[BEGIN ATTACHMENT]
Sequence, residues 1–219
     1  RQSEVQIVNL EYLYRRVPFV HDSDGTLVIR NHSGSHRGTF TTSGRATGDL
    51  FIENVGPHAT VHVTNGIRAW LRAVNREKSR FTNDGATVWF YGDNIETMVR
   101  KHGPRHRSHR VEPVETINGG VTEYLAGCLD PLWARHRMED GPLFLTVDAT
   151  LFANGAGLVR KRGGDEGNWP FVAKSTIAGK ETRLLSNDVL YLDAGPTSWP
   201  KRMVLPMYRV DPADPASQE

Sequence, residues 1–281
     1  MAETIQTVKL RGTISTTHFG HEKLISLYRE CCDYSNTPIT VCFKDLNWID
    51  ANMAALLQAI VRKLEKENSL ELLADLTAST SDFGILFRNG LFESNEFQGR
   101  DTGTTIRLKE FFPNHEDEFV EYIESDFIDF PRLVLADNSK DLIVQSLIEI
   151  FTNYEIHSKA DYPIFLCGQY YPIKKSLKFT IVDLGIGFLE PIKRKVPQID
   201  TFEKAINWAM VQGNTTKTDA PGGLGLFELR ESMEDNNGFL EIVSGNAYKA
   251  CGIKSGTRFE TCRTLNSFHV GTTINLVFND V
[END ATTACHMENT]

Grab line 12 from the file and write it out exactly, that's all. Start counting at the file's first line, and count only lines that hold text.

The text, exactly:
   201  TFEKAINWAM VQGNTTKTDA PGGLGLFELR ESMEDNNGFL EIVSGNAYKA